User Datagram Protocol (UDP)

User Datagram Protocol (UDP) is an alternative communications protocol to Transmission Control Protocol (TCP), used primarily for starting low-latency and loss-tolerating connections between applications and the internet. UDP is also known as a “stateless” protocol, meaning it doesn’t acknowledge that the packets being sent have been received. Due to UDP working this way, it is typically used for streaming services. You may hear some break up in the audio or see some skips in the video, but UDP transmissions prevents the stream from stopping completely. 


Transmission Control Protocol (TCP) is a standard that defines how to establish and maintain a network conversation through which programs can exchange information or data. TCP works with the Internet Protocol (IP), which defines how computers send packets of information to each other. TCP is widely used for its reliability, ordered nature, and error correction. TCP is used for a variety of things, like email, file transfers, and any other operations where error-free data is more important than pure speed.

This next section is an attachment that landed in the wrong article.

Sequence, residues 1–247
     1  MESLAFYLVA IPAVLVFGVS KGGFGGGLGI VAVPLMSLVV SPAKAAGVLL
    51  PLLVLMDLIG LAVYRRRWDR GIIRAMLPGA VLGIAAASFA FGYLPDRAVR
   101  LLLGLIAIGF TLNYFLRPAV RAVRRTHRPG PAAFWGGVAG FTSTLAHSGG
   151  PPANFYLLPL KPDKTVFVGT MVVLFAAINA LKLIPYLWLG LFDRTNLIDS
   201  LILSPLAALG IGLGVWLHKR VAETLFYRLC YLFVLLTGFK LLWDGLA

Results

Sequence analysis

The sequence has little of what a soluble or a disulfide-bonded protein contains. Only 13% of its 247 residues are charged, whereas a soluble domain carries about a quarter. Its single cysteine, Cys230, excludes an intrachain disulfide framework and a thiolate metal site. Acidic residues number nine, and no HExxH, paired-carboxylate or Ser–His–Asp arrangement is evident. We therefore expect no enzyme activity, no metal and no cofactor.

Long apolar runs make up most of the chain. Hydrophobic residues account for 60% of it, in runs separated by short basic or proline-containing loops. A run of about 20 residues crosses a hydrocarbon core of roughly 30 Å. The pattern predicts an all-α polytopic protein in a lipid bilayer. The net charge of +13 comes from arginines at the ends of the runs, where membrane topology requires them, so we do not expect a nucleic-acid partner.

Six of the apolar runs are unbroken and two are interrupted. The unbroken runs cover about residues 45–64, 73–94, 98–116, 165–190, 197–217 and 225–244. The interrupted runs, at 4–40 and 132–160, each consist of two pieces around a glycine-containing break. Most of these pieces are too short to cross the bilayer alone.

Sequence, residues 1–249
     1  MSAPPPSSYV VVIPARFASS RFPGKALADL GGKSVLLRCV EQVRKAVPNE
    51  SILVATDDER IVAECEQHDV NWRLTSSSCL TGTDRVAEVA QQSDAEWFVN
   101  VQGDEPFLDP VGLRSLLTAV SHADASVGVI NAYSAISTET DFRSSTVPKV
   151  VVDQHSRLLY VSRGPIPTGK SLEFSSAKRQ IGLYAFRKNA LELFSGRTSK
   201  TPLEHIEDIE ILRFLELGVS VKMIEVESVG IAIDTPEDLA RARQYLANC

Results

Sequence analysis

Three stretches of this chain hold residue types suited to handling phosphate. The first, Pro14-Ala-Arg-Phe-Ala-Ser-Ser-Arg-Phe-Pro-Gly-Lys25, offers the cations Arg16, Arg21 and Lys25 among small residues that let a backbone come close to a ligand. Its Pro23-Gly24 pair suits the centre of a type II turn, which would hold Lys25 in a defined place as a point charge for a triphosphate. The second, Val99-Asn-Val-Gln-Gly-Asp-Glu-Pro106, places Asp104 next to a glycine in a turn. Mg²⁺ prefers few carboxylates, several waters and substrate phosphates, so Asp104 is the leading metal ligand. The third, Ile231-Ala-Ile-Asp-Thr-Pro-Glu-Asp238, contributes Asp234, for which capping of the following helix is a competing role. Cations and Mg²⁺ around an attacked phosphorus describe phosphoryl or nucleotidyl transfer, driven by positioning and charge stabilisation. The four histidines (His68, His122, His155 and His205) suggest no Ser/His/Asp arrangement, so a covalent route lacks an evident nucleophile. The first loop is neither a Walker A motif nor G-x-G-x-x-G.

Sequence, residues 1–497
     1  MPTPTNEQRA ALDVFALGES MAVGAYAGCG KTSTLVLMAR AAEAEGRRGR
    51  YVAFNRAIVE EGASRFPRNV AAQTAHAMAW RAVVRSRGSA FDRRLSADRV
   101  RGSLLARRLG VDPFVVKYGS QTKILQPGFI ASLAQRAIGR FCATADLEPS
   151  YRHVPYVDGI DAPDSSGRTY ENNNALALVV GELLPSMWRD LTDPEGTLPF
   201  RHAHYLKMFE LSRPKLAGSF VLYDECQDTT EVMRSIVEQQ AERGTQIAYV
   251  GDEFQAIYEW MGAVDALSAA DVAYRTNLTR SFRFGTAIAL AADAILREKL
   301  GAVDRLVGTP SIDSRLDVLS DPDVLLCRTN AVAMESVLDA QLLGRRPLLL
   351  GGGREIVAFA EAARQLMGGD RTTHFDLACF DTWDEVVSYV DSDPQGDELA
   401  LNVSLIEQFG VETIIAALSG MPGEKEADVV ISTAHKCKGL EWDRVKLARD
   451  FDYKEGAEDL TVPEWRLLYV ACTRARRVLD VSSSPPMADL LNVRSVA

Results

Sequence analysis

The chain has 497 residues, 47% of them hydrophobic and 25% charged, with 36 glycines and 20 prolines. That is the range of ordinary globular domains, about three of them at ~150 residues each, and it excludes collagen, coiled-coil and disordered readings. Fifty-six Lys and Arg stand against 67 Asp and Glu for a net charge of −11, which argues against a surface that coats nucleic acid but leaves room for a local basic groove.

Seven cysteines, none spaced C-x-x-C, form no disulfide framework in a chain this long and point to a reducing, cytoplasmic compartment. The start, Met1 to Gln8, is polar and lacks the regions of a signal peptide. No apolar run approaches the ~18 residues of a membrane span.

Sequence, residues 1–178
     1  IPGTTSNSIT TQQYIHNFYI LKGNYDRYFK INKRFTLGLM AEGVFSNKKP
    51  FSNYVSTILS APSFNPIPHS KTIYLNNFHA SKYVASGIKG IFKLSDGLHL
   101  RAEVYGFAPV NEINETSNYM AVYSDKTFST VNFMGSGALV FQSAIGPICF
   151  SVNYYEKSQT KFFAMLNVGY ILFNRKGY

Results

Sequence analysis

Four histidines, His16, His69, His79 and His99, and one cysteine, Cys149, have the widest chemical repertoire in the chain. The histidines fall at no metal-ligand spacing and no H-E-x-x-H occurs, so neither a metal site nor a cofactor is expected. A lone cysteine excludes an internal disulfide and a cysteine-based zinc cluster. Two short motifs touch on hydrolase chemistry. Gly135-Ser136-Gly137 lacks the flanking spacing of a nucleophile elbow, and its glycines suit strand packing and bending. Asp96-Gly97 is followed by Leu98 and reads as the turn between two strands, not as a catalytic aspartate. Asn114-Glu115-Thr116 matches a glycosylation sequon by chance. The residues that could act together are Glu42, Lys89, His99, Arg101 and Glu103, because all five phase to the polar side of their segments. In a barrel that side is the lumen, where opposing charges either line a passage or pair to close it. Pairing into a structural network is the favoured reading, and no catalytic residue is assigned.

Related Terms: Transmission Control Protocol (TCP), Internet Control Message Protocol (ICMP)

Sources: TechTarget, TechTerms, PingPlotter

To learn more about Transport Protocols and UDP vs. TCP, watch this video:

Share this on your social networks. Help Friends, Family, and Colleagues become more aware and secure.